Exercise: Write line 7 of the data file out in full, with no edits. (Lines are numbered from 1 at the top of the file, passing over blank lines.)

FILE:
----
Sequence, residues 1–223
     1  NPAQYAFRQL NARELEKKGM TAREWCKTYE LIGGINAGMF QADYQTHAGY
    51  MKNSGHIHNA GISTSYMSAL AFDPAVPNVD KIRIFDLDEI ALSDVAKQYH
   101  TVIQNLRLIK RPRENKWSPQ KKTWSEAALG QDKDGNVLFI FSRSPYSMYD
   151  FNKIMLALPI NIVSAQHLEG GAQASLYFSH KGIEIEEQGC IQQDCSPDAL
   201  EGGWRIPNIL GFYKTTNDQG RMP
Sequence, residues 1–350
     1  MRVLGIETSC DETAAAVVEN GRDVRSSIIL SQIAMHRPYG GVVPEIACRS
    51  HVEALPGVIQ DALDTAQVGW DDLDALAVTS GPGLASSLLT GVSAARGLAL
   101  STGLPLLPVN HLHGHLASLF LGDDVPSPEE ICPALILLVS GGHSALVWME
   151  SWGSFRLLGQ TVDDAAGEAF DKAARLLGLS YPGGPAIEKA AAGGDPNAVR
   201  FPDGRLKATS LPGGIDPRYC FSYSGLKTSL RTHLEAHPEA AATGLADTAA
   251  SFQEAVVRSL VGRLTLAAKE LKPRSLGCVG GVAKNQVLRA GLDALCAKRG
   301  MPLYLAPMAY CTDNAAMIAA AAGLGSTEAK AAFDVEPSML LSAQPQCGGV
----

Sequence, residues 1–350